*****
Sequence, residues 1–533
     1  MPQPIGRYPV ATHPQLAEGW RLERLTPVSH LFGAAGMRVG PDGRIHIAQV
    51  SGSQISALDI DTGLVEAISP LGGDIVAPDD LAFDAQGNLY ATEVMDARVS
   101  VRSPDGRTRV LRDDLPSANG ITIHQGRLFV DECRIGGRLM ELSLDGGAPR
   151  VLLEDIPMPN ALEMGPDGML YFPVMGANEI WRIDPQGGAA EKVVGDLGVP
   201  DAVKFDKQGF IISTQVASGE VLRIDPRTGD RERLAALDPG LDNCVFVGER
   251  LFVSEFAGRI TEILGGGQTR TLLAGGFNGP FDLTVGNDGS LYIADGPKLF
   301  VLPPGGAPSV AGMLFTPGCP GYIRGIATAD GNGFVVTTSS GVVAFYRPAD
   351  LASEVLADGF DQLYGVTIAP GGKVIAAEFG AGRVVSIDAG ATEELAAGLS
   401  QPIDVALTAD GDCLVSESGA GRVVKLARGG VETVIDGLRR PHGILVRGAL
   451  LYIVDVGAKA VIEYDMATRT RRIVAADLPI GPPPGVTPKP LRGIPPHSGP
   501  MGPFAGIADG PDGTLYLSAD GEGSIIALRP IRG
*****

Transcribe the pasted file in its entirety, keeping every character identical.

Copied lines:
Sequence, residues 1–533
     1  MPQPIGRYPV ATHPQLAEGW RLERLTPVSH LFGAAGMRVG PDGRIHIAQV
    51  SGSQISALDI DTGLVEAISP LGGDIVAPDD LAFDAQGNLY ATEVMDARVS
   101  VRSPDGRTRV LRDDLPSANG ITIHQGRLFV DECRIGGRLM ELSLDGGAPR
   151  VLLEDIPMPN ALEMGPDGML YFPVMGANEI WRIDPQGGAA EKVVGDLGVP
   201  DAVKFDKQGF IISTQVASGE VLRIDPRTGD RERLAALDPG LDNCVFVGER
   251  LFVSEFAGRI TEILGGGQTR TLLAGGFNGP FDLTVGNDGS LYIADGPKLF
   301  VLPPGGAPSV AGMLFTPGCP GYIRGIATAD GNGFVVTTSS GVVAFYRPAD
   351  LASEVLADGF DQLYGVTIAP GGKVIAAEFG AGRVVSIDAG ATEELAAGLS
   401  QPIDVALTAD GDCLVSESGA GRVVKLARGG VETVIDGLRR PHGILVRGAL
   451  LYIVDVGAKA VIEYDMATRT RRIVAADLPI GPPPGVTPKP LRGIPPHSGP
   501  MGPFAGIADG PDGTLYLSAD GEGSIIALRP IRG